Good luck with your own studio promotions!  People ARE looking to get lessons, they just need to know where to go & how to go about it.  Let me know what you end up doing by commenting here on the blog.  I’m posting this AND at blogs.  This is good information for everyone.

Any more ideas???

The Art of the Audition

Sunday, August 30th, 2009

The Art of Audition

By Damien Bracken
Republished with permission from Artists House Music

To this day, I will never forget my first audition experience. I was studying at the Royal Irish Academy of Music in Dublin, a very fine institution with an outstanding reputation for classical music instruction. I had practiced for about six months to compete for scholarship to attend my next semester. I was 12 years old and I was very serious about my music, practicing every chance I could get. I had started piano instruction at the age of 10 (equivalent to being a senior citizen in a city where most children begin their music instruction at the age of 3 or 4) and was told by my instructor at the time that I had a lot of catching up to do if I was thinking of pursuing music as a possible career. I was and did. But on this day my 12-year old self walked into the audition room and realized almost immediately that I was not ready. A very distinguished gentleman had been flown in from London to adjudicate. It was just he and I in the room with the beautiful 9-foot Steinway grand piano. The Brahms piece that had been selected for the competition was just a tad beyond my technical reach. I was shaking with nerves. When we got to the sight-reading he asked me to play through a Bach chorale. I struggled with sight-reading. He might as well have put a full symphonic score in front of me and asked me to reduce it on sight (oh yes…it can be done). As I plodded through Bach’s exquisite chords the adjudicator stopped me. “Is this your first audition?” “Yes,” I confessed (my cover was blown!). “Well, you are clearly musical but you are not yet ready for this level of competition. I would encourage you to keep at it and perhaps I will see you next year.” I was dismissed. I was so upset. “What am I doing? Maybe I should throw in the towel. My mother is paying a fortune for these piano lessons.”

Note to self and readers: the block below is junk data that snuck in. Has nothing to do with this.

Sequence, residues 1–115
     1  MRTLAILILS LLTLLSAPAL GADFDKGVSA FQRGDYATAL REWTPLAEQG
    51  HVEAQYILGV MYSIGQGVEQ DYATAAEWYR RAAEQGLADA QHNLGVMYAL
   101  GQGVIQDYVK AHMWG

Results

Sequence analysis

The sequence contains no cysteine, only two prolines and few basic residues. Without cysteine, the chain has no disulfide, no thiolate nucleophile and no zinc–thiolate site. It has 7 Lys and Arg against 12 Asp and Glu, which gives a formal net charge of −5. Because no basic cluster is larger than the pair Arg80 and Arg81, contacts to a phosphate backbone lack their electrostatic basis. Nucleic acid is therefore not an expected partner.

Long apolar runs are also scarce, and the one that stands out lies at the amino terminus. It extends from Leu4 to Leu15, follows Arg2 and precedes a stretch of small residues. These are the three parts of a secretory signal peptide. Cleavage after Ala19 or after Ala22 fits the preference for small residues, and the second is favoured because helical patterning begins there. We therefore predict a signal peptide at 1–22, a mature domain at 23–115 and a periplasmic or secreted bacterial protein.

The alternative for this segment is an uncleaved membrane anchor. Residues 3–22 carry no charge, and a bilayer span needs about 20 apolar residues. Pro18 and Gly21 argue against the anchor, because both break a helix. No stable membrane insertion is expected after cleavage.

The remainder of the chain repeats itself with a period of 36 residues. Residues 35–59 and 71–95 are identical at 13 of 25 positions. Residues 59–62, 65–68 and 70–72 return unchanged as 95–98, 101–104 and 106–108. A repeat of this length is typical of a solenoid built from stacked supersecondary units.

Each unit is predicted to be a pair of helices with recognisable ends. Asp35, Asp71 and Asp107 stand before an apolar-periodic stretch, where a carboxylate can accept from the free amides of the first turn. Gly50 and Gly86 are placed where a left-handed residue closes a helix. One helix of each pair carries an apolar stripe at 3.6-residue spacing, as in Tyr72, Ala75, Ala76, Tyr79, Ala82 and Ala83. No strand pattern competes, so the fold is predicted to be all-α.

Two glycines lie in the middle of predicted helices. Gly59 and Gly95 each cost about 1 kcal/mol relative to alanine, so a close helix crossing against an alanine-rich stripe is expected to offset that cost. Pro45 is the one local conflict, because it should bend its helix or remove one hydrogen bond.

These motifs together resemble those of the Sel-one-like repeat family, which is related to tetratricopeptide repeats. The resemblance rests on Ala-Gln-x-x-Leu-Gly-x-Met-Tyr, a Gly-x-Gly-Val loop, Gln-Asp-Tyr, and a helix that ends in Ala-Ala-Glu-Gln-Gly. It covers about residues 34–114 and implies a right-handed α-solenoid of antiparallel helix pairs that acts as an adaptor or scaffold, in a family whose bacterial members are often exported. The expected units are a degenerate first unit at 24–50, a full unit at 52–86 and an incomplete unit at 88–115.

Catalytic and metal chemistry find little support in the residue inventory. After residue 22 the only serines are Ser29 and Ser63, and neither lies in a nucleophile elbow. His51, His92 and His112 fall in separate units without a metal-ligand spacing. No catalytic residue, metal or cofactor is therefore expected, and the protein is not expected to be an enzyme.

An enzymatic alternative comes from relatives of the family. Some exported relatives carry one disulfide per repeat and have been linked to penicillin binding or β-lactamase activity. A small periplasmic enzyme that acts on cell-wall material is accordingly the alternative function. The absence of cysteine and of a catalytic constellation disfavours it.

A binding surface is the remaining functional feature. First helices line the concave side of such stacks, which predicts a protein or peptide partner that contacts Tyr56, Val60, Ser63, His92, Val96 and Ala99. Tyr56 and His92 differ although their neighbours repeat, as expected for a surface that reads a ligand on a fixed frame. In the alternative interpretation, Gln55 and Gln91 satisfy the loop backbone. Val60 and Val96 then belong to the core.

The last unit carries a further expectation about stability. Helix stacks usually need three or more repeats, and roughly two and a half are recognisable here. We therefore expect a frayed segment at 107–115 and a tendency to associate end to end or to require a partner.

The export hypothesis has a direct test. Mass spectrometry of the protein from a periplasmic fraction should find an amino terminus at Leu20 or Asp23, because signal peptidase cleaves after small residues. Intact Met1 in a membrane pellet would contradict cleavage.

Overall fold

So, what went wrong in that room? Perhaps the gentleman was right. It probably was too soon for me to compete although at the time I boiled it down to my nerves getting the better of me and I needed to learn to control my nerves when I play. And oh yeah, there was the reading part.

An audition does not have to be a ego crushing, world crashing experience. There are some fundamentals to the art of auditioning (and it is an art) that will give you more control in the audition room, and giving a good audition is all about that – control.

Choosing the right prepared piece is a critical first step. At Berklee College of Music where I work, we audition thousands of students each year in consideration of both admission to the college and possible scholarship. We do not provide a list of pieces to choose from. Why? Because we want to hear what the student does best. For some, that might be Brahms. For others it might be Coltrane, or Zappa, or Sting or Van Halen or Ellington, or….well, you see my point. One of Berklee’s incredible strengths is the rich diversity of styles of music that we teach and play. We look for that diversity in our applicant pool each year as we select out of thousands of applicants who will join our next entering class. But for a young college-bound student applying to Berklee, it is difficult to absorb the idea that they should not select the most technically challenging piece of music they can find to impress the adjudicators. Don’t do it. Find a piece that you know is within your technical range while still demonstrating your level of musicianship.